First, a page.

More than 1.7 million gallons of the contaminated liquid has been removed from the immediate site of the derailment, according to a Thursday news release from the Ohio Emergency Management Agency. Of this, more than 1.1 million gallons of "contaminated liquid" from East Palestine has so far been transported off-site, with the majority going to Texas Molecular and the rest going to a facility in Vickery, Ohio.
CNN has asked the Ohio agency the location of the remaining 581,500 gallons, which has been "removed" but not "hauled off-site," and has yet to receive a response.
Saturday evening, Hidalgo told ABC13 that she was relieved to hear the EPA has paused the transport of contaminated water from Ohio.
"I see it as something that is particularly challenging and different and requires special attention," Hidalgo said. "I was concerned that we were recipients of all this, and we haven't been told for a week or more, so we need oversight and proper oversight."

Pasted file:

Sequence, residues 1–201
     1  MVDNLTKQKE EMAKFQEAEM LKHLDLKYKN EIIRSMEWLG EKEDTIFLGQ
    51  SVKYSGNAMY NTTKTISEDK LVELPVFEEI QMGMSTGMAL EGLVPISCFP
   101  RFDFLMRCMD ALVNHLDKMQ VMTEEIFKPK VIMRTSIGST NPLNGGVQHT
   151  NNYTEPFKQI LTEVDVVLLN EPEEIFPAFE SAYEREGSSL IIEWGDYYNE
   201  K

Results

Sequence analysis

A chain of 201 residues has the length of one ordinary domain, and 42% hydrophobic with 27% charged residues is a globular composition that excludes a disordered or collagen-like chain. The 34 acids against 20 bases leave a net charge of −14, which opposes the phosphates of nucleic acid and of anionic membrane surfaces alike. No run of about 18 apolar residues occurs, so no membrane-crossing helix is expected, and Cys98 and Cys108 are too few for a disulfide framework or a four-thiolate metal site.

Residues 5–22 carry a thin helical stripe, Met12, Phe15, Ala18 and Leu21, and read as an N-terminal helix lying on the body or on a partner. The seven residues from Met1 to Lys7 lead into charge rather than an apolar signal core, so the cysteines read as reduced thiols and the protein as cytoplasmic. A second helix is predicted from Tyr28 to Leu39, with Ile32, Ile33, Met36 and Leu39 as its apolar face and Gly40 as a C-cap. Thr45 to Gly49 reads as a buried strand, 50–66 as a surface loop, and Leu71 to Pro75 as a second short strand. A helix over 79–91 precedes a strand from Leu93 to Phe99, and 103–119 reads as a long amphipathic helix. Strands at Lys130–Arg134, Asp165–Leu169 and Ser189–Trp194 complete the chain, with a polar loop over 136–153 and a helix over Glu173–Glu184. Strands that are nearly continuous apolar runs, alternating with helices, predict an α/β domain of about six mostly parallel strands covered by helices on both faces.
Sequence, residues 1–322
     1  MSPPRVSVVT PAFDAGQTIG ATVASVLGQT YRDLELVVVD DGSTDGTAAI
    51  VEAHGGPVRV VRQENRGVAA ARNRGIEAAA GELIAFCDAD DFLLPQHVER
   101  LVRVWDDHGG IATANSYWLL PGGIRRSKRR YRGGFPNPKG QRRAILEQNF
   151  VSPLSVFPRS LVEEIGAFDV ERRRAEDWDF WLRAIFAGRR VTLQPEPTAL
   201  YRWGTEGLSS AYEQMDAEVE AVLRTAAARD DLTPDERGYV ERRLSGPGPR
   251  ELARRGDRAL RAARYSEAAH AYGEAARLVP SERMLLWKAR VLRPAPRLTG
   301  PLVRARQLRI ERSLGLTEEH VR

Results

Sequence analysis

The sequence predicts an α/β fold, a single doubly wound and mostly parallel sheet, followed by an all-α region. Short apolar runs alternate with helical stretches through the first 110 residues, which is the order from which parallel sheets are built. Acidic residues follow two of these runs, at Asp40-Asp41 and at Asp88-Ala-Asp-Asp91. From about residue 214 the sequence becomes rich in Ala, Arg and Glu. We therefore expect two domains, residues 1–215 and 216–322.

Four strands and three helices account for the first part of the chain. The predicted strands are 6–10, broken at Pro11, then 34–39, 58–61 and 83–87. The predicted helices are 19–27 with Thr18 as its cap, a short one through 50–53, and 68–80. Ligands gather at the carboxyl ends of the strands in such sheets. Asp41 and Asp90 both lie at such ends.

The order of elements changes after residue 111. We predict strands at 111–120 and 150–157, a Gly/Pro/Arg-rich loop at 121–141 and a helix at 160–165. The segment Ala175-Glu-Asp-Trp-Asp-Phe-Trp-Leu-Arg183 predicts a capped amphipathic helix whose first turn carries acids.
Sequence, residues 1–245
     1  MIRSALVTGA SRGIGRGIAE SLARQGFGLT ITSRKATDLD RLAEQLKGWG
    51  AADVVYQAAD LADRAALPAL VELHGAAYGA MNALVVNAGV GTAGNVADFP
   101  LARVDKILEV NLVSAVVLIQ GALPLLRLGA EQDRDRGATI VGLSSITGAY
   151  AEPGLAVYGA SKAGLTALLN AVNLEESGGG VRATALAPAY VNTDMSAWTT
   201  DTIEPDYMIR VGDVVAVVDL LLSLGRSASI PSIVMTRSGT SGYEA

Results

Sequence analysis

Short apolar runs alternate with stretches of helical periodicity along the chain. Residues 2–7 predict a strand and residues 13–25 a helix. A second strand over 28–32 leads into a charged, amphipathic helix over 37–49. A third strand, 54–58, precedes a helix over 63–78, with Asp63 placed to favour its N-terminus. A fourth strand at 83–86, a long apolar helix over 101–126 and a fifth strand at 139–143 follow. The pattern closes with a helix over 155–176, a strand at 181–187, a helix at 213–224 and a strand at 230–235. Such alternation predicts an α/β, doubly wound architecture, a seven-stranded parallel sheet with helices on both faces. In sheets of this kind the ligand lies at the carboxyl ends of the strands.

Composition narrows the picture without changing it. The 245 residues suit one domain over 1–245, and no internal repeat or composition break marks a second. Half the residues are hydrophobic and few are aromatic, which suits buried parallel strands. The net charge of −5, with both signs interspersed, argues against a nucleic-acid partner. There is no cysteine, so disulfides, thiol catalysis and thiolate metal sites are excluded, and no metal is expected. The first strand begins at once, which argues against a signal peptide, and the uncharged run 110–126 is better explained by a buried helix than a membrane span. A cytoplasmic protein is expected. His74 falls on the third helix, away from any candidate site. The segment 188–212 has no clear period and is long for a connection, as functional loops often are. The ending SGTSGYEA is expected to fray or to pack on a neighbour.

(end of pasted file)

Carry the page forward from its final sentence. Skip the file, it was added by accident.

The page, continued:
The mayor of Deer Park, who lives just a few minutes away from the plant where a million or more gallons of the contaminated water has already been treated, said he's not concerned either way.
"We've never had concerns with regards to the company," Mayor Jerry Mouton said. "Based on all the reports I've seen that's raised questions, no one's questioned the safety record of this company and their ability to do what they're doing."
Mouton points out that Texas Molecular specializes in treating contaminated water, and the company has done so for 40-plus years. In addition, he estimates that the majority of contaminated water that was scheduled for Deer Park has already arrived.
"I live here. My three kids live here, my mother, and my in-laws. We all live here. The reality is we haven't seen anything that would concern me when it comes to the aspect of the process," Mouton said.
But for now, even though a substantial amount of the water has already made its way to Texas, there is at least a pause.
"I think ultimately what it brings forward," Hidalgo said. "Is there work to be done on how hazardous chemicals are to be transported?"